What it means to be educated today is very subjective. To truly be educated means to have completed 12 years of primary education, elementary school through high school. To be educated can also mean having some sort of degree. When asking myself what I think it means to be educated I have a hard time agreeing completely with society. I think to be educated is not solely based on a formal education but on life experiences. Life experiences are needed to fill in the grey areas because a formal education makes most things out to be black and white, at least from my experience.
I?m not at all saying that a formal education is not important because of course it is. If weren?t beneficial in anyway it would be obsolete by now. Some of the benefits of formal education are math, reading and writing. These are basic tools needed to survive in modern society. Formal education also teaches us how to speak, act in some social situations and discipline. These are all practices that form the backbone of an education, but they are not what make education entirely.
If formal education were all that it took to become educated I think this world would be a lot better, but that is just not the case. A formal education makes most things to be black and white. The answer is this and not this, you can do this but not this. There is just so little true-life experience to all of it that it just can?t make up the whole spectrum of education. Another downfall is the structure of formal education. When a school system has a certain curriculum and structure it seems to make people think the same way and limits creativity. Granted, schools do try and make this not a problem but it isn?t easy. For example, a friend of mine attended Berklee College of Music and recently dropped out. He found that once in the college they either make you a jazz musician or metal musician. This was not the education he was looking for.
True-life experiences are what make the biggest impact on education. Some of my best experiences come from trips I have taken to other countries. In school and from my parents I heard that hitchhiking was dangerous and that I should never do it. That statement may be true but not always, from what I learned. What I arrived in Reykjavik, Iceland in late 2010 my friend and I were lost trying to find our hotel. We decided to hitchhike because we had heard that it was a safe way to get about Iceland. Within minutes we were picked up and then dropped off at our hotel. I wouldn?t hitchhike in the Bronx but I felt it was safe to do so in Iceland and these decisions were made for experiences I had.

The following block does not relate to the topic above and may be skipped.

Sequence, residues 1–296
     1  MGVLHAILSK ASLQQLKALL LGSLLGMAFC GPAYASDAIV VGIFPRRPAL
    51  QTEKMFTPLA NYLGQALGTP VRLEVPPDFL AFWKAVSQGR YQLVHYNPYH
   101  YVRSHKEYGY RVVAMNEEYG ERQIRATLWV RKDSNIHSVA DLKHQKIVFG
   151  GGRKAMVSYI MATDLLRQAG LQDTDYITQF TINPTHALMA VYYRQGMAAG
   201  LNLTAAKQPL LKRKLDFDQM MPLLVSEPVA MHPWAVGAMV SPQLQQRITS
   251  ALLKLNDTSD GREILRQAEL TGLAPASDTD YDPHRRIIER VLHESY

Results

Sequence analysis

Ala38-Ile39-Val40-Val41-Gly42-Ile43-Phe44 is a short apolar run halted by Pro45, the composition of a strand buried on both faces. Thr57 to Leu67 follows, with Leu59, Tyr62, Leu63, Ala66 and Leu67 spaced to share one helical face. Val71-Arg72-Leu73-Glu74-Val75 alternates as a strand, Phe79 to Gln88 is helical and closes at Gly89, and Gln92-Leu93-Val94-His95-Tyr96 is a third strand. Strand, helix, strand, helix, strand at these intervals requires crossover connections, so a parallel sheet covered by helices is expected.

Through my travels I have also learned a lot from the friends I have made. In London in March 2010 I made friends with three guys from the city of London. Two of the men were from Dubai in the United Arab Emirates and the third was from England. I learned a lot about Middle Eastern culture that I would not have in school. I also learned British slang, the best places in London that the locals go and other invaluable things that would not have been learned in a high school course. People you meet are an education of their own. Each person has something new to teach you and it is even better when his or her culture is different than yours.
Another tough area of life that people need to learn about is racism and prejudice. No matter what everyone has some sort of prejudice about something in their life but the most common prejudice in our society is race, religion and sexual orientation based. At least these are the most publicized cases of prejudice. Also, racism is still a problem in some aspects of our society. Since it is a touchy subject in public schools in America it is hard to teach racism and prejudice. I learned about prejudice and racism by seeing them at their extreme.
When I was 12 years old a group called the World Church of the Creator came to my town of Wakefield, Massachusetts. This church isn?t like other